Anna Boothe
Unpatriotic Art

I wonder at the daring
of her stroke,
yellow and green
in the face of a president,

Alberta Clipper 11/11/14: “Let’s Hear it for Goliath” by Jon Dressel

In America’s more aggressive past, there was a time when we thought it fitting to invade Canada and capture Montreal. During the War of 1812, on a cold and raining November 11, 1813, America suffered for it during the Battle of Crysler’s Field, in which our 8000-some troops were sent reeling by a British and Canadian combined force of just 900.

Alberta Clipper 10/28/14: “Beauty and the Beast” by Neil Weiss

During the last week of October in 1946, Nebraskans were enjoying the season’s typical weather with temperatures in the mid 50s, only slightly above the average 48°. Meanwhile across the globe, Jean Cocteau’s famous La Belle et la Bête was released. The film, starring Jean Marais and Josette Day, brought to life the popular Beauty and the Beast fairy tale and enchanted audiences with its stunning cinematography.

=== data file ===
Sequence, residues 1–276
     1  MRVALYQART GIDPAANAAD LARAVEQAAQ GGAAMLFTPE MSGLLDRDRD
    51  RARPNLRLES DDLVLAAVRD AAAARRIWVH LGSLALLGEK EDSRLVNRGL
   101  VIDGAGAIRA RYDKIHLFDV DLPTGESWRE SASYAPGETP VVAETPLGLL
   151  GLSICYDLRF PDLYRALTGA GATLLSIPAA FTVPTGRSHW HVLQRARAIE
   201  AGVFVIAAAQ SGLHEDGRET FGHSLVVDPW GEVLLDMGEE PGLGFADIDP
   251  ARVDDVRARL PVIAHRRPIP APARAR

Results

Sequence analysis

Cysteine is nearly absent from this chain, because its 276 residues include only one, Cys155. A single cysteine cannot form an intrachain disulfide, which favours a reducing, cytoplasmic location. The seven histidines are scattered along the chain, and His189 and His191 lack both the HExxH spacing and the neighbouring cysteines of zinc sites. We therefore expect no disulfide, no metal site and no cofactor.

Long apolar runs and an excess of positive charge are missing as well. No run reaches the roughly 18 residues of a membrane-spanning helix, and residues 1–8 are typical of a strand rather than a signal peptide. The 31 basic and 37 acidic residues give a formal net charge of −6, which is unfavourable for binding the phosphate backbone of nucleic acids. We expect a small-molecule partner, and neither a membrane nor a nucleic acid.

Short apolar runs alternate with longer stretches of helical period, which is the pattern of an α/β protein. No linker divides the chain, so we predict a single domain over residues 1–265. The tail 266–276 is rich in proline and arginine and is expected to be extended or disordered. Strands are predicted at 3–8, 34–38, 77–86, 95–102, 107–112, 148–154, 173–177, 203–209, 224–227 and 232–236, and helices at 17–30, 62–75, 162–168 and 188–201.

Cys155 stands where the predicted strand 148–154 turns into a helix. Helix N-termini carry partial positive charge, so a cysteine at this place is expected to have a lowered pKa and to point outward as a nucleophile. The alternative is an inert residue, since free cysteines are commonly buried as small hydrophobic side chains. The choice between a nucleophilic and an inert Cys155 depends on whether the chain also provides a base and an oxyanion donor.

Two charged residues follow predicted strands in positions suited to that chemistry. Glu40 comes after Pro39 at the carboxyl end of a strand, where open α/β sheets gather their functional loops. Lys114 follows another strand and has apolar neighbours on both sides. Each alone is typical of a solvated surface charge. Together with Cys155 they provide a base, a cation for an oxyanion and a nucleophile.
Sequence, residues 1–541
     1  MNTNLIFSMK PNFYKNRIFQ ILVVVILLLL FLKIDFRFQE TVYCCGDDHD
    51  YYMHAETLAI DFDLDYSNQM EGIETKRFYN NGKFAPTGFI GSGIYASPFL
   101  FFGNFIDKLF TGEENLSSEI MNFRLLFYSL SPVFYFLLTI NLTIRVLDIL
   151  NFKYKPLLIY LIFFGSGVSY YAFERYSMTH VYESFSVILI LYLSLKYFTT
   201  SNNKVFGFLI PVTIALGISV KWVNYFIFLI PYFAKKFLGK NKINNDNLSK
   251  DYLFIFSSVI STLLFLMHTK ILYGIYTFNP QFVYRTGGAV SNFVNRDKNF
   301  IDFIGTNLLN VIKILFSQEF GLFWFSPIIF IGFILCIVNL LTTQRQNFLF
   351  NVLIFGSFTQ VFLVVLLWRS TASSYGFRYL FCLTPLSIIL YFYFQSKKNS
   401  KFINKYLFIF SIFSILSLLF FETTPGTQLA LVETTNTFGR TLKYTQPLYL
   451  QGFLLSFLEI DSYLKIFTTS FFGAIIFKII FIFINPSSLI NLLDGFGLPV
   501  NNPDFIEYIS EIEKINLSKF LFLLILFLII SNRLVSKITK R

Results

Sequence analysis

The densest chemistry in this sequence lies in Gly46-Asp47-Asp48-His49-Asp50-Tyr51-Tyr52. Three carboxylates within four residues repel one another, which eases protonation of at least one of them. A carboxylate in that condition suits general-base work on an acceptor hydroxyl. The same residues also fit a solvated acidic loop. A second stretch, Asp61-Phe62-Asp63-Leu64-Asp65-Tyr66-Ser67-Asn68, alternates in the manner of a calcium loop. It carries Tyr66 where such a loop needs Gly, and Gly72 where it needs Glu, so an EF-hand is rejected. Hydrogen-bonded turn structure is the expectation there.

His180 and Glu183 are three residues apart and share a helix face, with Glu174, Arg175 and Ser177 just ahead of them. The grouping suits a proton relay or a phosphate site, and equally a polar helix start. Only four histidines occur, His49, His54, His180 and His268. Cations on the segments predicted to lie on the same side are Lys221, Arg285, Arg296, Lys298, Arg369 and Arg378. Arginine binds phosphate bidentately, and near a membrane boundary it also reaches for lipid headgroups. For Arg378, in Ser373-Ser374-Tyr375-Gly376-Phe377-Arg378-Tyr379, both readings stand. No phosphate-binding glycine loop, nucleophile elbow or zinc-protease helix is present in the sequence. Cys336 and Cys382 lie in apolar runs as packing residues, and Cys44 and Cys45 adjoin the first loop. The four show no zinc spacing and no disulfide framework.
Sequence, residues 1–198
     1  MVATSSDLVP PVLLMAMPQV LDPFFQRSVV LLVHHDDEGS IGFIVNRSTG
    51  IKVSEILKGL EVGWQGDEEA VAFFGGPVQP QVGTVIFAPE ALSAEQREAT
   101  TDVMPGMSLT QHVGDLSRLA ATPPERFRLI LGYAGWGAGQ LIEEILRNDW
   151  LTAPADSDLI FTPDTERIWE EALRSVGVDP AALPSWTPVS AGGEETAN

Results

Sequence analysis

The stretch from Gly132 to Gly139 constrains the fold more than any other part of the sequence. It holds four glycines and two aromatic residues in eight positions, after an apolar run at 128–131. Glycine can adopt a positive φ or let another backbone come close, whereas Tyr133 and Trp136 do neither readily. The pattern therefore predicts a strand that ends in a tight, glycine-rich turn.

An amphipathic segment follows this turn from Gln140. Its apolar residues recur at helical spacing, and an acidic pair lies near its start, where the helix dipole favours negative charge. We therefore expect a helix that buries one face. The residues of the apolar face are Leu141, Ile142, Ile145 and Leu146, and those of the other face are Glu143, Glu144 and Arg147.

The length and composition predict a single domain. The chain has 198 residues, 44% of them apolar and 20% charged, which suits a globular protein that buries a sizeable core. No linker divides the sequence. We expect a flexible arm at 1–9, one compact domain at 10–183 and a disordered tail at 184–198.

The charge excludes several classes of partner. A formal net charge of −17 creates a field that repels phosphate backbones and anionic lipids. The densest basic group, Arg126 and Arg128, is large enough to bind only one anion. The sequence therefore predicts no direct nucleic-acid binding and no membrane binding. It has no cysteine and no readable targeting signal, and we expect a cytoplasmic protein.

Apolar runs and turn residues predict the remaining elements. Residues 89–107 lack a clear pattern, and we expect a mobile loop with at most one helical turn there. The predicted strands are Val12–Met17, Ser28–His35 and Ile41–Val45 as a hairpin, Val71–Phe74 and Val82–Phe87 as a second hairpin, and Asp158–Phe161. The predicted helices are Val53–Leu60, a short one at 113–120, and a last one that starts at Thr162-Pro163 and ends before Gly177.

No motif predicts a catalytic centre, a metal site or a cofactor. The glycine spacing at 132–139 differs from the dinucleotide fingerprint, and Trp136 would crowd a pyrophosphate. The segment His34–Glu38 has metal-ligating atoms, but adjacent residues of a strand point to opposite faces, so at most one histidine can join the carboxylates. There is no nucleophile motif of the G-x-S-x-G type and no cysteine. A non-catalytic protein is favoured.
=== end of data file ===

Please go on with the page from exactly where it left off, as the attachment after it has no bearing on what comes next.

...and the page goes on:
In a similar fashion, Neil Weiss’s poem “Beauty and the Beast,” published in Prairie Schooner in the fall of 1962, depicted the fairy tale’s last scene. —Emily Burns

Neil Weiss
Beauty and the Beast

She is running to meet me
and I am dying here
by this wretched canal.
It’s the story of my life.

Alberta Clipper 10/14/2014: “A Visit to Laugharne” by Rose Rosberg

On October 14, 1913, Senghenydd, Wales witnessed a horrifying mining disaster. A terrible explosion from inside the local coal pits killed 439 miners and one rescuer, making the Senghenydd Colliery Disaster the worst coal mine explosion in the history of the United Kingdom. Coal mining was an early and long-lasting major source of income in Wales, and evidence of mining in the area dates back to the 14th century.

In 1963, Prairie Schooner published a section featuring Welsh poetry in the fall issue. This section explored the rhythm and different sounds represented within Welsh bardic writing forms. The fall of 1963 was a particularly warm one for Lincoln, NE, with 94 percent of the days in October reaching higher-than-average temperatures. This particular fall was not only blistering hot, but October had the clearest skies of the entire year. –Clarissa Siegel-Causey